you can think about it as drawing a surface in
three dimensional space and that one came out to be the surface of a doughnut which we also call a torus. So what I wanna do here is talk about how you might think of
this as a transformation and first let me just get straight what the input space here is. So the input space you
could think about it as the entire T,S plane, right? We might draw this as the entire T axis and the S axis and just everything here
and see where it maps. But you can actually go to
just a small subset of that. So if you limit yourself
to T going between zero so between zero and lets say 2 pi and then similarly with S
going from zero up to 2 pi can you imagine what, you know that would be sort of a square region. Just limiting yourself to that you're actually gonna
get all of the points that you need to draw the torus. And the basic reason for that is that as T ranges from zero to 2 pi the cosine of T goes over its full range before it starts becoming periodic. Sine of T does the same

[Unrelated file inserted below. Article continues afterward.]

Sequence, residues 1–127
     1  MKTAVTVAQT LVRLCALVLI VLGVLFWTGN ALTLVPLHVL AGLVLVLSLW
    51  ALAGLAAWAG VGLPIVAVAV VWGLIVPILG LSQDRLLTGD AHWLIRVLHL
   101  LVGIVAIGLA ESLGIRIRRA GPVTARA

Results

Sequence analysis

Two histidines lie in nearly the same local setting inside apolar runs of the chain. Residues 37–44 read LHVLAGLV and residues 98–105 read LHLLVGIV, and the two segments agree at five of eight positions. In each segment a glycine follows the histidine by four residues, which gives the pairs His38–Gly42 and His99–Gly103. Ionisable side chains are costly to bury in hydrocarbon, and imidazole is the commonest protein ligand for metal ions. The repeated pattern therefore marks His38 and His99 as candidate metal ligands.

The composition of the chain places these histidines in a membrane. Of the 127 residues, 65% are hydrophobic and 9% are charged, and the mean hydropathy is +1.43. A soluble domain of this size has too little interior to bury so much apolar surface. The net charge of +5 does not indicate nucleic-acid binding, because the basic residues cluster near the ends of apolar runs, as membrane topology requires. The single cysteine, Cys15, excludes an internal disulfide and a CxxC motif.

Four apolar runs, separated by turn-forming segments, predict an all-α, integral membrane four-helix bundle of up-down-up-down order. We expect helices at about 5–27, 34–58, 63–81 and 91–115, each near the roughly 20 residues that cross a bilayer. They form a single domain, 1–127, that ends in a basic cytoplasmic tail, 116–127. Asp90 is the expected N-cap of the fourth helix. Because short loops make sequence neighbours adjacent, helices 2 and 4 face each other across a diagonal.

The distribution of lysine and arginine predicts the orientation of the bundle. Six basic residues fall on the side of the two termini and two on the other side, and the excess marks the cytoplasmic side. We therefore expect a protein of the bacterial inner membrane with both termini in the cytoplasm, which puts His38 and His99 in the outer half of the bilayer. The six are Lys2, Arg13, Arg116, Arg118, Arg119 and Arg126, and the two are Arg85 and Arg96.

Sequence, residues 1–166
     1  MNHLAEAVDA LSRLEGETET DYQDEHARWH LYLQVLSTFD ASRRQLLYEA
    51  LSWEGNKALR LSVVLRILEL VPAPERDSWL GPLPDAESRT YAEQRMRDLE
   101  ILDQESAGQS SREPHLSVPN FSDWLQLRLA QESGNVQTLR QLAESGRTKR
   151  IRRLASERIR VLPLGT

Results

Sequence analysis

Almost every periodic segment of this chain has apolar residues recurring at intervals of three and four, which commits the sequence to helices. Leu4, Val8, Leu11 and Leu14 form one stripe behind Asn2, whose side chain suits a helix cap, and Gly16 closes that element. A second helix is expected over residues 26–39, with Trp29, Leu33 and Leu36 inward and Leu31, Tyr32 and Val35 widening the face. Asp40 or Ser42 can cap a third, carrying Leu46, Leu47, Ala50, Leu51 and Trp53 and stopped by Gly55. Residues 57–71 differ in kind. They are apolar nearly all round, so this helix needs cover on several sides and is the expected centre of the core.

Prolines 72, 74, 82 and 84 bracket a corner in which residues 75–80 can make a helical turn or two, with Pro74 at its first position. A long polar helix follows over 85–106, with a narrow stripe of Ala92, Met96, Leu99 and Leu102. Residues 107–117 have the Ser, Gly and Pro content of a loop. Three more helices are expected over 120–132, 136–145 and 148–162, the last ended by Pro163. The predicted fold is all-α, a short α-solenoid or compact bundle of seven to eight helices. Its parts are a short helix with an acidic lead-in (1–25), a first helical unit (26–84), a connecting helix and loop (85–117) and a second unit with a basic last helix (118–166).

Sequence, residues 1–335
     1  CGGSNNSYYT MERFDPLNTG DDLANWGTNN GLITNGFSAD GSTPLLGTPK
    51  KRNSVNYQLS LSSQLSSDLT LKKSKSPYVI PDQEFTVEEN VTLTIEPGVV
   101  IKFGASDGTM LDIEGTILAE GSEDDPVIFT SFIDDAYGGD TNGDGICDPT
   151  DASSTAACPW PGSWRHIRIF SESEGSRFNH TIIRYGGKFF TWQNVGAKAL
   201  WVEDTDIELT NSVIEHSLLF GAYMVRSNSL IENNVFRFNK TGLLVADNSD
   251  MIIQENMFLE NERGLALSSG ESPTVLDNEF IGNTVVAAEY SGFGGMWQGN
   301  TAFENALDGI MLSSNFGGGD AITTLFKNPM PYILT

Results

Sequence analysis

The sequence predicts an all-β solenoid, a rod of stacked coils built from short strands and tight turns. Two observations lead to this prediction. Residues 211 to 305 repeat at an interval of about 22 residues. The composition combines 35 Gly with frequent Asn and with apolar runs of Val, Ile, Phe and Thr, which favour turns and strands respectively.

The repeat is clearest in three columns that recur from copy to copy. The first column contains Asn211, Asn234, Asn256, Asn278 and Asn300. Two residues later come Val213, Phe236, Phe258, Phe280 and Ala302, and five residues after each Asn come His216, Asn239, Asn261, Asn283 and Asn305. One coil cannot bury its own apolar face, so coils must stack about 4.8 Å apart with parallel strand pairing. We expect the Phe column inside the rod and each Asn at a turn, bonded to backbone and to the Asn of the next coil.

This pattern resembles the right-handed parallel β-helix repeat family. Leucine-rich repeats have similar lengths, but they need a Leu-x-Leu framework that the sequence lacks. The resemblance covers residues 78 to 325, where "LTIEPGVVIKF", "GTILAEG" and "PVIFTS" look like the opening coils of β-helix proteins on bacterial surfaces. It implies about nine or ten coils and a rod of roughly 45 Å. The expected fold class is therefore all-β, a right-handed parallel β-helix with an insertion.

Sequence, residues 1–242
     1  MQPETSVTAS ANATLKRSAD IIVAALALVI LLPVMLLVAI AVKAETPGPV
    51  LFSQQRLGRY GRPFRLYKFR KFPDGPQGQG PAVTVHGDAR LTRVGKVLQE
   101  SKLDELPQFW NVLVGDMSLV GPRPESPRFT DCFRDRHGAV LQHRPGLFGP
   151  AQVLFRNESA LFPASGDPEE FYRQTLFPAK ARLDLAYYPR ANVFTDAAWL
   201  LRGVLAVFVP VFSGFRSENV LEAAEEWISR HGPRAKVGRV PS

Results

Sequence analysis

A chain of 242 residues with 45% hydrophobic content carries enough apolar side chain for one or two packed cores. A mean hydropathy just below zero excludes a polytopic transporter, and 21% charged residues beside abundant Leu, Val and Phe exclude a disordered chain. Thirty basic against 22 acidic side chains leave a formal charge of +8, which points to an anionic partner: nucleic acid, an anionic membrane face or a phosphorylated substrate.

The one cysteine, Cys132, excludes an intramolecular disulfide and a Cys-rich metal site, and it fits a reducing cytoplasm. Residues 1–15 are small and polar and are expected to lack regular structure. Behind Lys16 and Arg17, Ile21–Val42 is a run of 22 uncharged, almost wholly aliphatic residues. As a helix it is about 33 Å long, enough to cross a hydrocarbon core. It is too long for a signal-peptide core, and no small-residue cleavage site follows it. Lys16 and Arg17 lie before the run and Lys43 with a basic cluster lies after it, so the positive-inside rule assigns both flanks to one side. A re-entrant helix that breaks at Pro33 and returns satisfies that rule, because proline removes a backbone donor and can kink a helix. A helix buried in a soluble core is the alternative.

and same deal with S. If you let S range from zero to 2 pi that covers a full period of cosine a full period of sine so you'll get no new
information by going elsewhere. So what we can do is
think about this portion of the T,S plane kind of as living inside three dimensional space
as a sort of cheating but its a little bit easier to do this than to imagine moving from some separate area into the space. At the very least for
the animation efforts its easier to just start it off in 3D. So what I'm thinking about here this square is representing that T,S plane and for this function which is taking all of the points in this square as its input and outputs a point in